Learning how to tile a backsplash might seem intimidating if you've never done it, but it's actually a pretty straightforward job. If you've got some extra time on your hands and have been inspired by gorgeous tile ideas then it's an easy(ish) weekend project that is totally worth trying out.
Enticed by the idea of saving money on labor costs, and the satisfaction of a beautifully installed tile backsplash? Use our video and step-by-step guide (with advice from industry experts) to nail this home improvement job.
- DIY: A guide to tiling a wall too.
Phillip Ash, the founder of Pro Paint Corner – a small business that specializes in paint resources and home design – reminds us when tiling a backsplash, to have fun with tile choice. "Tile backsplashes are so great as they make for easier clean up from messes and protect the wall ... They also help to reinforce the style of a room. There are tons of great design choices but if you want to be on trend, stay away from rectangular subway tiles and opt for something in a slightly more fun shape, like hexagon, or fish scale. You can also opt for peel and stick tile which is a much cheaper option, and requires a lot less effort to install.'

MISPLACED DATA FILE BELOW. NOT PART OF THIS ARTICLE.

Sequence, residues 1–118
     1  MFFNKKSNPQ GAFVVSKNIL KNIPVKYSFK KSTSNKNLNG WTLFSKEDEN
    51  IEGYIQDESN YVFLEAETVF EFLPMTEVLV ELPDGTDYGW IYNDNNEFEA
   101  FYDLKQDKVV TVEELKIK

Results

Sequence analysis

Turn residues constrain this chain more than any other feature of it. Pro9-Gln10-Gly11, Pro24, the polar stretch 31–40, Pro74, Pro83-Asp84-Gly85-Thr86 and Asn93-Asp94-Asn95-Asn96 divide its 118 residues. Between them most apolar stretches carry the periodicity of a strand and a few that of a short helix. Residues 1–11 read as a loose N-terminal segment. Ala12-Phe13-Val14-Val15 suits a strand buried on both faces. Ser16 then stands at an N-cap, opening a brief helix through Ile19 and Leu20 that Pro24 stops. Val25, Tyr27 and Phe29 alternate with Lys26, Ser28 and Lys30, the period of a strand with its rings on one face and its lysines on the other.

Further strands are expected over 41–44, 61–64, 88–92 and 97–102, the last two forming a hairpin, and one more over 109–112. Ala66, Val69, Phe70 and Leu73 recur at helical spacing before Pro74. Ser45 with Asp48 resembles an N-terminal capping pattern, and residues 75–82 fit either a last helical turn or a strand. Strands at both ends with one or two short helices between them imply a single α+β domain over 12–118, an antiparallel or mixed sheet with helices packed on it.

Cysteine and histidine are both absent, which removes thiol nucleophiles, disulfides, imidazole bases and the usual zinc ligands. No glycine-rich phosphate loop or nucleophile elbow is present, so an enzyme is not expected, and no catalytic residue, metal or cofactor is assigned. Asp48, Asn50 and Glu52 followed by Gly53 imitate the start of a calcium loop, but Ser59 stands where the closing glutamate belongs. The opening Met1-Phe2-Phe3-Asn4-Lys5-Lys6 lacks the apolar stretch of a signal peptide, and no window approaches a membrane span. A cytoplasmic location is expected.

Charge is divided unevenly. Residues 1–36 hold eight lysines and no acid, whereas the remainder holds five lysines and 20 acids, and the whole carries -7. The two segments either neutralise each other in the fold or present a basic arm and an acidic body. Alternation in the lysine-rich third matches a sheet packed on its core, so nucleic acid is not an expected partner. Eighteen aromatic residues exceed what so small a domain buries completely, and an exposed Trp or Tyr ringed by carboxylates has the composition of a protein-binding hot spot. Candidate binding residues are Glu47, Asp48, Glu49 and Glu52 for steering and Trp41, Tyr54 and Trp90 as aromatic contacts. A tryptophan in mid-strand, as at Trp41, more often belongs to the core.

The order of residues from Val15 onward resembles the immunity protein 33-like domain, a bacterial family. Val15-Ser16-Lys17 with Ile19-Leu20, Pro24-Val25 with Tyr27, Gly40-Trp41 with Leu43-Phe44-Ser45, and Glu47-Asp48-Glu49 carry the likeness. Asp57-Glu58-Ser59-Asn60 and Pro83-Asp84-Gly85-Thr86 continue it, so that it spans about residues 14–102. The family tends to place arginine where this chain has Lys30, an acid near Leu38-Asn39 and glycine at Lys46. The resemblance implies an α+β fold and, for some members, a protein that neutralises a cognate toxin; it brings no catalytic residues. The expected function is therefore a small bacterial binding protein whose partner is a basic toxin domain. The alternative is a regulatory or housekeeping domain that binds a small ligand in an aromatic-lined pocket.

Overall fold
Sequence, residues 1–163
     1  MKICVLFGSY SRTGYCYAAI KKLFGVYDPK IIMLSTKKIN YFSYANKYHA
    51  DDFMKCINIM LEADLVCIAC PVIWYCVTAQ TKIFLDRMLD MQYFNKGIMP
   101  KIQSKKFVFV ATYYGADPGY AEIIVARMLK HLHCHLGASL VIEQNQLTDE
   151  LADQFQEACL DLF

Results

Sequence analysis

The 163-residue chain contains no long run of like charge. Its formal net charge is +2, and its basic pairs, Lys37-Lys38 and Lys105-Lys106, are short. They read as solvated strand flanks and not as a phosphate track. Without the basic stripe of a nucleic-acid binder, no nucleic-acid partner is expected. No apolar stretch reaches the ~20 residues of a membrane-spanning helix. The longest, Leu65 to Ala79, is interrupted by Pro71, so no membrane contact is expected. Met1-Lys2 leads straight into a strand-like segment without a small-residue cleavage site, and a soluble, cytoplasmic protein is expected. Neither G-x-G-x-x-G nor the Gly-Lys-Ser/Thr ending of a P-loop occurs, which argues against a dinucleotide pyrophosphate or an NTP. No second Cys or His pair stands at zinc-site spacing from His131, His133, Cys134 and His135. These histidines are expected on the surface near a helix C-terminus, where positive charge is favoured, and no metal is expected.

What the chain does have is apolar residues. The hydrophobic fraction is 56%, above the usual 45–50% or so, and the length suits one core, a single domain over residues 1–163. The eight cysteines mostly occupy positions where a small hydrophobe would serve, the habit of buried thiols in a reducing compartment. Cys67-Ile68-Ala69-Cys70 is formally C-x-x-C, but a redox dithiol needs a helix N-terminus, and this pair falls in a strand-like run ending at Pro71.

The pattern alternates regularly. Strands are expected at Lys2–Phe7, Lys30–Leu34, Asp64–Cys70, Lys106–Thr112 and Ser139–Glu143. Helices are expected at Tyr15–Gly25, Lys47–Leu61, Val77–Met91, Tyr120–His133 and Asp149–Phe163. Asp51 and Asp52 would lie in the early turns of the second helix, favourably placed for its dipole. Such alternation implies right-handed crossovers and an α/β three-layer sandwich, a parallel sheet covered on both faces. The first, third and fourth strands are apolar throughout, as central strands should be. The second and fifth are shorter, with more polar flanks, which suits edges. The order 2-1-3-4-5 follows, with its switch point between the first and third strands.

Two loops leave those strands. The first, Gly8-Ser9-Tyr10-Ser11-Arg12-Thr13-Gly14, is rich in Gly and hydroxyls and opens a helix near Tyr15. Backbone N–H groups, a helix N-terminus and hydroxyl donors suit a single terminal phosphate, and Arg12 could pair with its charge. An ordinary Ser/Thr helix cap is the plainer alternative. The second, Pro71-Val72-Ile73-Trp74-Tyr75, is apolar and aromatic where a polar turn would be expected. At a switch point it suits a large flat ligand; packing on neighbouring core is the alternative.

Where do you start when tiling a backsplash?
"Measurements are key," says Ash. "Tiling your own backsplash is definitely a job you can DIY but you don't want to cut any corners or you'll end up with a less than stellar job. The first thing you want to do is to make sure you have the materials you need to properly measure the space. These include: a tape measure, pencil, and a 48 inch spirit level. Ensure you have these before beginning your DIY job.'
Mike Katona from the ShabbyChicHouse DIY & Home project adds, 'Each and every tile project is different. Before you begin a tile project you should plan out where you'll start the tile, where you'll be placing partial tiles and how the tiles will terminate along the edges. If it's a backsplash - typically it's best to start at the countertop and work your way up. This is because you'll want a full tile butting up to your countertop and typically you can hide a cut/partial tile under your cabinets.'
Complete materials list for tiling a backsplash:
- Your chosen tiles
- Mortar or tile adhesive
- Protective floor covering
- Small bucket
- Large bucket
- Clean sponge
- Dish soap
- Tape measure
- Protective gloves